I have noticed that my body gets taut when I am stressed. During overly stressed moments, I experience muscle spasms. One way I keep my muscles loose is through massages. COVID has prevented me from going to a spa to receive a massage. I purchased a massage gun, and it is a game-changer. It can be painful sometimes because of the intensity of the massage gun. Another quick way to relax your muscles is taking a hot shower/bath.

Grounding techniques.

According to Dr. Sarah Allen, “Grounding means to bring your focus to what is happening to you physically, either in your body or in your surroundings, instead of being trapped by the thoughts in your mind that are causing you to feel anxious.” My therapist recommended trying grounding techniques when I feel stressed or anxious. I have found these techniques to be very helpful for calming myself down. Here are the following techniques I do:

  1. Deep breathing
  2. Take a sip of cold water
  3. Focus on listening to my surroundings
  4. Recite lyrics to one of my favorite songs 
  5. Think about everything I am grateful for
  6. Countdown backward from ten

Finding a hobby.

A hobby is an excellent way to occupy your mind. Find something that interests you or keeps your hands busy. My hobby is coloring; I have found a color by numbers app for my phone. Also, I purchased a paint by numbers kit that comes with an easel, paint, paintbrushes, and canvas. I think these kits are great because you get everything all in one; something to occupy the mind and hands and beautiful pictures that look lovely once completed. 

Life is full of stressors, and chronic illness can only make it more challenging. Stress management strategies can help reduce stress-related symptoms and maintain a quality of life. Be mindful of taking care of your body through exercise and a well-balanced diet. Grounding techniques can be helpful for self-calming. Plus, finding a hobby can occupy your mind and keep you relaxed. Overall, stress can be detrimental to someone with a chronic illness. Remember to keep your health a priority! 

*Moyna John is a multiple sclerosis advocate and freelance blogger. She is passionate about adding representation within the MS community, creating space for Black MS warriors, and empowering modern women to live a purposeful lifestyle outside of chronic illness. Visit her website or follow Moyna on Instagram.

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Stress Management, Resilience Skills, Time to Shine

By Stacie Prada

Stress isn’t inherently bad, but it feels awful when it causes suffering. Stressful moments are usually only upsetting when my go-to skills aren’t cutting it to skip feelings of tension and anxiety. I’m feeling pushed to do more than I can do, I’m feeling pressured to respond more quickly than I’d like, or I’m interacting with someone who is using bullying tactics. 

When something triggers stress in me, it feels more empowering to think of it as a chance to flex my resilience skills than to say I’m managing my stress. It subtly shifts my perspective from feeling like a victim needing to suppress my natural responses to being an active participant and even champion in the outcome. Managing stress may not have the same connotations for everyone, but to me it feels like a compromise.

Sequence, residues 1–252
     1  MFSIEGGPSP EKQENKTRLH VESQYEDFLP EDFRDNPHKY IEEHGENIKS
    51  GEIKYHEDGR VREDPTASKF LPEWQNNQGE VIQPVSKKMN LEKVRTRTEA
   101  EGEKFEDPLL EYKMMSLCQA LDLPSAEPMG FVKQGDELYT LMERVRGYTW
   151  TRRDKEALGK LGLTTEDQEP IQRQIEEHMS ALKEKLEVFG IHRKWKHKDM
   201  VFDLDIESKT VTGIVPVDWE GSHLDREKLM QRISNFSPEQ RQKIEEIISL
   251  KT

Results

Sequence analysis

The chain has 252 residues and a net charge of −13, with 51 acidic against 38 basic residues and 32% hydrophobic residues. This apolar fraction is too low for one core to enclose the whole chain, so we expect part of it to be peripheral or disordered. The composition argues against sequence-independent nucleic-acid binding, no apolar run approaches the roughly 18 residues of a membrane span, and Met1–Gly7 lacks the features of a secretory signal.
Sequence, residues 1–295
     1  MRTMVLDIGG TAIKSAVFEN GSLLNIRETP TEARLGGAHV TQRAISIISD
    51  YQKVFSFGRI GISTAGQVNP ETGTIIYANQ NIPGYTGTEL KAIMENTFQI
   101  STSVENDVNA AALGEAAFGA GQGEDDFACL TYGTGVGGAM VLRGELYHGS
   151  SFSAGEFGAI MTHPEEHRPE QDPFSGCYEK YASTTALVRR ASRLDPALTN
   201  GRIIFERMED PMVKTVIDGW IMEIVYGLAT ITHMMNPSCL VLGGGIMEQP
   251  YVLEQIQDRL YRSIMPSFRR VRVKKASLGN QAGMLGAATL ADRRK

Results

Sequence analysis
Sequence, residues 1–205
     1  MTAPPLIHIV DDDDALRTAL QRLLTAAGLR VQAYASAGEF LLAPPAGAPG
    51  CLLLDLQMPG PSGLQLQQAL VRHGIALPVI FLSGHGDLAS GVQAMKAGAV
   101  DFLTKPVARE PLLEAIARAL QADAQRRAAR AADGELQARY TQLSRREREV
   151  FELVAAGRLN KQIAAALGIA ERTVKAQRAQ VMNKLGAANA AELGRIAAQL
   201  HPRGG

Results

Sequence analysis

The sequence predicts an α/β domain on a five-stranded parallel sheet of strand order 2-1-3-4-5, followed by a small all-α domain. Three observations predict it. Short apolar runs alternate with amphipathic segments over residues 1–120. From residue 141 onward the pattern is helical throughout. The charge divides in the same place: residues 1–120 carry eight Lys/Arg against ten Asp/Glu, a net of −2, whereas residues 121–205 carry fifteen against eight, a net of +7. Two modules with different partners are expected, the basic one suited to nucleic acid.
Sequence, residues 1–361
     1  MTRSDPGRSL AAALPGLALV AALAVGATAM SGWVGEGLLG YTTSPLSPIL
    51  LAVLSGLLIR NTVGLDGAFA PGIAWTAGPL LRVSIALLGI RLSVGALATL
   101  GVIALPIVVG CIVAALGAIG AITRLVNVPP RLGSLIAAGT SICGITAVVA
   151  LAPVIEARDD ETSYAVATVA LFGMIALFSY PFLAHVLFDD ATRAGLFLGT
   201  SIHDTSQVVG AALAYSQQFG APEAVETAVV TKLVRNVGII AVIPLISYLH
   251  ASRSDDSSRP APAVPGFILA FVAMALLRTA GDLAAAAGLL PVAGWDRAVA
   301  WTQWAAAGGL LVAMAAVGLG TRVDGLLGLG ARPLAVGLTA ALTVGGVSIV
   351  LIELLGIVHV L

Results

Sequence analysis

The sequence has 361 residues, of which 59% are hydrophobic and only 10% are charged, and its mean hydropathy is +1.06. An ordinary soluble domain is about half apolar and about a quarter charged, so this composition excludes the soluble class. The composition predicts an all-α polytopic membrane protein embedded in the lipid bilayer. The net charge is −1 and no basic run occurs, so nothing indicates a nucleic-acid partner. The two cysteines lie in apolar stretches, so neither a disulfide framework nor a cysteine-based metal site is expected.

If I think of stress as bad and my body saying I’m failing or bad at dealing with things, it sabotages my ability to get through the moment with self-control and grace. Instead, I’m aiming to notice stress as my body telling me it’s ready to really perform at peak level.  It’s alert, energized and capable.  It’s ready to shine.

Time to Shine - Stress Management

My mantra this week is, “Breathe, focus, and shine.” I say it to myself as I leave home in the morning.  I remind myself to take a moment, consider the situation, and choose the best path forward.  I’ve been working to remember in stressful moments that I can slow down and behave deliberately.  Respond instead of react. Remember I have options, and I am choosing my behavior. I’m not obligated to a specific reaction. 

Stress makes everything feel urgent, but that’s exactly when I need to set my own pace.  When it’s a person testing my resilience skills, I need to listen more, ask a question, listen again.  Slow the tempo of my dialogue and know that listening to a person who is mad doesn’t mean I’m disconnecting or agreeing with them.  Let them experience their emotions without feeling obligated to join them on their roller coaster of frustration, anger, or abuse.

In everyday behavior, I can proactively live a life that nurtures my body and builds resilience for navigating stressful moments when they arise. Have fun, live with purpose and know I have value in this world. I can nourish my whole self with good nutrition, movement, self-reflection and connection with others.  Network with colleagues, teammates, friends and mentors who can give perspective and suggestions. Connect with people who experience similar life stressors and can share their approach and successes.

I want to react to stress by pausing and asking myself this:
If I was the most skilled person in the world to deal with this, what would I do?

It doesn’t matter if I am the best person in the world to deal with it or not, because I am the one dealing with this.  It might mean I just need to take a momentary breath to think it through. I might need to take a longer break and come back to it another time with a fresh mind. Maybe I should contact someone I know who could help me with it.  I might literally be the worst person in the world to deal with this, but thinking about what the best person would do will help me figure it out. It can be my time to shine.

*Stacie Prada was diagnosed with RRMS in 2008 just shy of 38 years old.  Her blog, “Keep Doing What You’re Doing” is a compilation of inspiration, exploration, and practical tips for living with Multiple Sclerosis while living a full, productive, and healthy life with a positive perspective. It includes musings on things that help her adapt, cope and rejoice in this adventure on earth. Please visit her at http://stacieprada.blogspot.com/